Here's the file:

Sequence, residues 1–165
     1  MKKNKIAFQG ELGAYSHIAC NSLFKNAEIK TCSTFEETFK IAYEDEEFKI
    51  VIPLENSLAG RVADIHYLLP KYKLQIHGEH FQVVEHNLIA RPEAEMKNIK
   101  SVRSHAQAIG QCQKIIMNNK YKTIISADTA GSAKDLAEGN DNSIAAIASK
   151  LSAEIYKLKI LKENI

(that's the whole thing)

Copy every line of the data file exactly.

Sequence, residues 1–165
     1  MKKNKIAFQG ELGAYSHIAC NSLFKNAEIK TCSTFEETFK IAYEDEEFKI
    51  VIPLENSLAG RVADIHYLLP KYKLQIHGEH FQVVEHNLIA RPEAEMKNIK
   101  SVRSHAQAIG QCQKIIMNNK YKTIISADTA GSAKDLAEGN DNSIAAIASK
   151  LSAEIYKLKI LKENI